"He's going to have it decommissioned." I start backing toward the door as I'm not stupid and now that this should have already been done and is not something that will happen by say, oh any time soon. But Matt wants to see the basement. Where we find standing water. It is brown.

"Oh, he's going to replace the sewer pipe."

"Hmm. Any idea when he plans to do these projects?"
"Oh, as soon as there's an offer."

Well, it won't be our offer, I'm thinking as I climb back up the stairs silently hoping Matt doesn't see more potential here than I do. I get a little nervous as he's talking with the agent on the way out about maybe coming back some time to take a look under the house.

"Why the hell would you go under the house when what we've seen inside is enough to know we are not living here?"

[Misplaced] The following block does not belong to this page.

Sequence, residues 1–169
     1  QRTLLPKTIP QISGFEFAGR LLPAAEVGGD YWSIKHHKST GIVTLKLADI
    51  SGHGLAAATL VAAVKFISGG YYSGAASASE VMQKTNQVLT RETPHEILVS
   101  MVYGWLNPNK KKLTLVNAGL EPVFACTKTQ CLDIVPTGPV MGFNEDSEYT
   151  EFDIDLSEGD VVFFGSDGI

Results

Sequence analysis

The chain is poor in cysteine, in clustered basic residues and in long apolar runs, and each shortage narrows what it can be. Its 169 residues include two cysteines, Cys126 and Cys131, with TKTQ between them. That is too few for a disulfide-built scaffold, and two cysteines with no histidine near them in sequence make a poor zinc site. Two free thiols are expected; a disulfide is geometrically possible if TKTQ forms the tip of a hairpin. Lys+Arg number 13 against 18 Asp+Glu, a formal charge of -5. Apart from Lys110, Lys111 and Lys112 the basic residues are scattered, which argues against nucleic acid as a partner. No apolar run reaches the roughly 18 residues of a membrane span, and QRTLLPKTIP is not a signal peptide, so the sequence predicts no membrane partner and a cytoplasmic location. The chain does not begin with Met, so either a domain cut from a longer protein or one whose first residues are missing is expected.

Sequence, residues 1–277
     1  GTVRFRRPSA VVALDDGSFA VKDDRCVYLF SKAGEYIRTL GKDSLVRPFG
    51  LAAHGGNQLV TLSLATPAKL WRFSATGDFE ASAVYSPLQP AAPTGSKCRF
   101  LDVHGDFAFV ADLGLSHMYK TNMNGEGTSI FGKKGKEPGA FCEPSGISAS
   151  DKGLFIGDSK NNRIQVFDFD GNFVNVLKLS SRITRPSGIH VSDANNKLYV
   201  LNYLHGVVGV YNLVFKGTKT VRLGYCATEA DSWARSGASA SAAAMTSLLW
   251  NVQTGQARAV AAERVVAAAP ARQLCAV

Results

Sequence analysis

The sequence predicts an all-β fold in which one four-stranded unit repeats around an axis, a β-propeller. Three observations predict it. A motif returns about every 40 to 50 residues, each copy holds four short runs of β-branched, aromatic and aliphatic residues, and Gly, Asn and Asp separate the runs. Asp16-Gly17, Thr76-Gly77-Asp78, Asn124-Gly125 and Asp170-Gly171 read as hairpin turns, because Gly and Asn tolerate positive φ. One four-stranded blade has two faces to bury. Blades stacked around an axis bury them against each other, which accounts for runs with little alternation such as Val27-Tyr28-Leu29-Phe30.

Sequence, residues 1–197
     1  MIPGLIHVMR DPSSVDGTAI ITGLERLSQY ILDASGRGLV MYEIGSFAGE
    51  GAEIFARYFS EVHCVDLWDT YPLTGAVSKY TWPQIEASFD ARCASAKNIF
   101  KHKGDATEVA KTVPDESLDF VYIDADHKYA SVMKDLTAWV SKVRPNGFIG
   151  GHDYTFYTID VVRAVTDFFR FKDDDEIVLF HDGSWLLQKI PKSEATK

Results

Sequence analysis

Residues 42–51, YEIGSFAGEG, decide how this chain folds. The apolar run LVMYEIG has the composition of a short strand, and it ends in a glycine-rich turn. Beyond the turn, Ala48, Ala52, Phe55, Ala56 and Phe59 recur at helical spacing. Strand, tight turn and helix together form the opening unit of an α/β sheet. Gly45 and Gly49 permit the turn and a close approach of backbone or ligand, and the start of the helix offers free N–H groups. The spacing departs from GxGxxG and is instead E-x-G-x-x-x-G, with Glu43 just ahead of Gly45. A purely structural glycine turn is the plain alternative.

"I was just being polite."

"Okay. Next."

Just like me

Word Count: 24,616

So I'm on the edge of a mental breakdown and trying to figure out why and suddenly it occurs to me that it is just like me to decide to find my birth mom and write a novel in a month. And also sound the alarm on my approaching deadline to accomplish my annual goal to organize everything.

Also I am getting so frustrated at work and so much of it I can't post about here, but one thing I can say is that I am sick of our office being the junk drawer of the school. Don't know what to do with this pile of crap? Oh, send it to the office, they'll figure it out - or trip over it for two months. Oh, don't know how to deal with this kid? No problem, send him down to the office. Again.